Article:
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'Barbershop' Brouhaha

While America's hottest cross-over hit "Barbershop" has millions laughing in the aisles, it has an influential few steamed under the collar, reports CBS News correspondent Bill Whittaker.

The Reverends Al Sharpton, Jesse Jackson and a who's who of main-stream civil rights leaders are fired up -- calling scenes in the movie disrespectful of a number of civil rights icons.

"I'm outraged and offended," said Sharpton. "I think it's objectionable to cast Martin Luther King, who gave his life for American freedom and liberty, as an immoral figure."

He's referring to a scene in the movie refering to King's alleged infidelity.

But what the older, black establishment sees as sacrilege, young black Hollywood sees as ripe for satire.

"Sure it was significant, but, you know, it wasn't the end-all. I'm sure I will be chased around some parking lots for it, but I will have to explain that I was acting," said Cedric the Entertainer.

Still, Al Sharpton demanded and got an apology from the filmmakers.

Barbershop was written by Mark Brown and directed by Tim Story. It stars Ice Cube and was distributed by film studio Metro-Goldwyn-Mayer Inc.

The producers, Bob Teitel and George Tillman, said that they had apologized to on behalf of everyone involved with the film.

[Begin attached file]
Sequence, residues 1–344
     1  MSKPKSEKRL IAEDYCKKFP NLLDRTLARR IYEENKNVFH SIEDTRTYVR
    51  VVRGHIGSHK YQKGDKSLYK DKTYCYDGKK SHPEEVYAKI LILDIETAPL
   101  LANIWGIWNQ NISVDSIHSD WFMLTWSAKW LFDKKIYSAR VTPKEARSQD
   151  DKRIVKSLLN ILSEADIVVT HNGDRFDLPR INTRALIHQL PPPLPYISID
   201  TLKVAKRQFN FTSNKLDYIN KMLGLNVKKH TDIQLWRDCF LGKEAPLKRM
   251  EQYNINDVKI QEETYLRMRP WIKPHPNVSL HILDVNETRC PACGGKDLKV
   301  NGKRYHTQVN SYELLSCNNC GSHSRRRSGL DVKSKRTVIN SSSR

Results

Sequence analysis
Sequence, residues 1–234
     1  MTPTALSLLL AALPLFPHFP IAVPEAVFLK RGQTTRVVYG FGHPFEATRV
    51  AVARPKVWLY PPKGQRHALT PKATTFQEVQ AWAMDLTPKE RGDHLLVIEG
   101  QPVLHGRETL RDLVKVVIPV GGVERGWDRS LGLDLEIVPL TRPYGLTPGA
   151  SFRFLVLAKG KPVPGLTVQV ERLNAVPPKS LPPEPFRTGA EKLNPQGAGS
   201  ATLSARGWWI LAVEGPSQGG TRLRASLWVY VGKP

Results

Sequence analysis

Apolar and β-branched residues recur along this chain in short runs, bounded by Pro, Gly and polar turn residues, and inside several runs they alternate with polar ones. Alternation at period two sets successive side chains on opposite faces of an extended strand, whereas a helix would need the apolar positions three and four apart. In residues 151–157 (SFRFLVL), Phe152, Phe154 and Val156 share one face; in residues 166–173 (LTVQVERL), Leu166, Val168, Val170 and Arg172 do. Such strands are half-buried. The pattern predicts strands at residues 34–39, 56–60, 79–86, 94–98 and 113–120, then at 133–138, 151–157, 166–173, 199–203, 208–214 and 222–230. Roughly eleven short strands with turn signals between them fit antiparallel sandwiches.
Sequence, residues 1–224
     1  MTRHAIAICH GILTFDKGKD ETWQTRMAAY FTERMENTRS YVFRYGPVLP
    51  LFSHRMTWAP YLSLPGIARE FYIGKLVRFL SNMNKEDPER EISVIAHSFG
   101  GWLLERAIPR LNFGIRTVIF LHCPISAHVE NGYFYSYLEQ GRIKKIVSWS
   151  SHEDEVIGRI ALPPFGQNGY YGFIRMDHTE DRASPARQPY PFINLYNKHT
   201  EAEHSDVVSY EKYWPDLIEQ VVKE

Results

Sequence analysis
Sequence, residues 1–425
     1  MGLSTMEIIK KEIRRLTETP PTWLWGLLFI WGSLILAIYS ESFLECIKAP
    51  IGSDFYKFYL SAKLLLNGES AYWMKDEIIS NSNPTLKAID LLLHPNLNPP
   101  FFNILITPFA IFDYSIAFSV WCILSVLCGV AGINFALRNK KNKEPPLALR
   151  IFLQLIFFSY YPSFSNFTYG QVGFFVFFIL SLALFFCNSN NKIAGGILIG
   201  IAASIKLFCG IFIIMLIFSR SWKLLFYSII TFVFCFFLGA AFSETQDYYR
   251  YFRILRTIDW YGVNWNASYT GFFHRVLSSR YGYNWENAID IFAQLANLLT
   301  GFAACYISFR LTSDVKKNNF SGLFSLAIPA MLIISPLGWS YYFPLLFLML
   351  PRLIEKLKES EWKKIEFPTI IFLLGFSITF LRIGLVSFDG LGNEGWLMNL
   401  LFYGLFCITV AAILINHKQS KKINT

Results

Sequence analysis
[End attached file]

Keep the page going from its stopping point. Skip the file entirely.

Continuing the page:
"I completely did not mean to offend anyone," Tillman said.

"We respect Rosa Parks, Martin Luther King, Jr. and Jesse Jacson," the producers said in a letter. "We in no way meant to belittle any of the contributions made by these fine individuals."

But Jackson said they must go further and remove those scenes from the video, DVD and cable versions.

"The apology is a step in the right direction," he told the AP, but added that he will "keep appealing to them" to do the right thing.

The whole thing has folks debating in barbershops across the country, like the Magic Shears in LA.

"These accomplishments that they died for are not a joke," said barber Mario Guillmeno.

Said Karen Guillmeno: "It may be controversial and unpopular, but that is truly life of a barbershop."

And that old Hollywood adage, "there's no such thing as bad publicity" may just help Barbershop stay number one a little longer.

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